For Jessie Zettler, Landor’s associate design director, the fashion show is a particularly gratifying event, because DFS clients are able to walk the catwalk and share their personal success stories. 

“We really believe in the power of design and creativity—change the world for the better,” Zettler says. “And a lot of the efforts Landor is investing in are great examples of that. When you see all that hard work, the blood sweat and tears come to life, it’s so fulfilling for all of us.” 

By Brittany York

Downtown Cleveland Alliance hosts first all-Ohio BID conference

As millenials, empty nesters and other demographic groups flock to downtowns across Ohio, business improvement districts -- or BIDs -- are playing an important role in ensuring that these areas are clean and safe and that residents, office workers and property owners have the amenities they need to thrive.

A business improvement district is a defined area within which property owners pay an additional tax to fund projects and services that enhance the area. Downtown Cleveland has a BID, and the organization provides basic "clean and safe" services, organizes events and markets downtown to prospective residents, visitors and businesses.

This week, Downtown Cleveland Alliance, which manages the downtown BID, organized the first all-Ohio BID conference, bringing together BID leaders from across the state to network and learn about issues they share in common.

"It came from the idea that there's not a unifying organization or conference for BIDs," says Anna Beyerle with DCA. "We can learn a lot from other BIDs across Ohio. The idea was to get in the same room and throw out ideas and best practices."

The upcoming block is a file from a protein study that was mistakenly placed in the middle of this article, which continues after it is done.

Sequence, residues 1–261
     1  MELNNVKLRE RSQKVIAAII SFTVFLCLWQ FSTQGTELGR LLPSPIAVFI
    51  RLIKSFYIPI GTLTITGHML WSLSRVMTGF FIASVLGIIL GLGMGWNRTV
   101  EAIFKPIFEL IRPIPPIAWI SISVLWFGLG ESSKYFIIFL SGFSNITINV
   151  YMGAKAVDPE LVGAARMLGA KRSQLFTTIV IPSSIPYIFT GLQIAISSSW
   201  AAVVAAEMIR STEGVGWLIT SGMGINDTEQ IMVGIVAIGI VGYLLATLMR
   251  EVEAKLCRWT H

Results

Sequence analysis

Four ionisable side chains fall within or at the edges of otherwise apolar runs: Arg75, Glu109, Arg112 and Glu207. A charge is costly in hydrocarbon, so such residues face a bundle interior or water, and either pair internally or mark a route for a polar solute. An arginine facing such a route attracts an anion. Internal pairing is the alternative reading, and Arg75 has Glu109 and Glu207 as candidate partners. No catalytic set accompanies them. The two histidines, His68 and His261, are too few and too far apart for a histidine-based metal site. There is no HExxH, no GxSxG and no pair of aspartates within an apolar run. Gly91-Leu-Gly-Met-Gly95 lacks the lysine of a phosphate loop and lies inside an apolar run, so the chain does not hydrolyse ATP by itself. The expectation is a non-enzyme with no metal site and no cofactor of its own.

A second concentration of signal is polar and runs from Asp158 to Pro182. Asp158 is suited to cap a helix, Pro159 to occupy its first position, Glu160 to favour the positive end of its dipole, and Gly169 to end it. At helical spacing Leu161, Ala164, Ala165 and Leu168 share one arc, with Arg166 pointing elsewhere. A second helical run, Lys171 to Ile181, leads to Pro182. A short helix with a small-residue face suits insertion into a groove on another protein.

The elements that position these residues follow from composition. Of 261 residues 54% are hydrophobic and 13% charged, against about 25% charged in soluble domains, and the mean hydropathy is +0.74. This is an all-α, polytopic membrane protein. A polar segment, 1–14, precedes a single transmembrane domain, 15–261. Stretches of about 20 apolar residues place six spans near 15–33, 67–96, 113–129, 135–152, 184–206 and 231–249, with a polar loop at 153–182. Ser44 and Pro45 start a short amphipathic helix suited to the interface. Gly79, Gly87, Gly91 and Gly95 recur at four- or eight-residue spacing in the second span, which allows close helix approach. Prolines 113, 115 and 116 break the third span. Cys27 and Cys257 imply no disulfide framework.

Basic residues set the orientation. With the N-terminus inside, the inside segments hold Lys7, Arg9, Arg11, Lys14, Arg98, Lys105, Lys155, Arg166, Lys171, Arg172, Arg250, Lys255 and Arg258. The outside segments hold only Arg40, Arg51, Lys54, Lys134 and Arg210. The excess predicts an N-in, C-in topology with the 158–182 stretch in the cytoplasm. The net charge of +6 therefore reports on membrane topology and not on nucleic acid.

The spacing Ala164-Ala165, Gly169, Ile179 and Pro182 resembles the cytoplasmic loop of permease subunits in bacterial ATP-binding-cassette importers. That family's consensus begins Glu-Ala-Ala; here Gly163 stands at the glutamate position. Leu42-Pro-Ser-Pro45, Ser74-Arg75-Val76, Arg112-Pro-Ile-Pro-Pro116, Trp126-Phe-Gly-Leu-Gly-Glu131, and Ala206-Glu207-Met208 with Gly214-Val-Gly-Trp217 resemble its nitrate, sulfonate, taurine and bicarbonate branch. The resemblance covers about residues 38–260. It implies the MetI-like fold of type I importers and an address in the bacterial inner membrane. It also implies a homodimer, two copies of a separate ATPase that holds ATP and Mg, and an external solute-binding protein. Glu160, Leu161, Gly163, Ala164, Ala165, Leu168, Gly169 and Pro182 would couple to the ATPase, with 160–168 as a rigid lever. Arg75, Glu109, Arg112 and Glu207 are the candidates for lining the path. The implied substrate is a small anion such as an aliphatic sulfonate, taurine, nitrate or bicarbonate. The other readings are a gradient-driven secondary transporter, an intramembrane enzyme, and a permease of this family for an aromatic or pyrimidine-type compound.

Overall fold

Topics included food truck legislation, downtown transportation, farmers markets, placemaking, and office and retail recruitment strategies.

Participants also enjoyed several tours of downtown Cleveland and the surrounding area and had a chance to learn from Cleveland's redevelopment.

Beyerle says the conference will help BIDs, such as the one in downtown Cleveland, to become more effective. "We're up for renewal in a couple years, and we're looking at how we can improve."

Source: Anna Beyerle
Writer: Lee Chilcote

Study: northeast Ohio's tech startups generated $270m in economic impact in 2012

An annual study conducted by Cleveland State University’s Center for Economic Development at the Levin College of Urban Affairs shows that startup companies in Northeast Ohio contribute significantly to the economy. The study surveyed tech-based companies that received assistance, either financially or in services, through JumpStart or the North Coast Angel Fund.
The 127 companies who participated in the study generated $211 million in economic benefits in Northeast Ohio in 2012, $270 million statewide. These companies helped create and retain 1,100 in-state direct jobs, with a total Ohio employment impact of 2,140. The companies and their suppliers also increased total Ohio household earnings by $125 million and contributed nearly $12 million in state and local tax impact.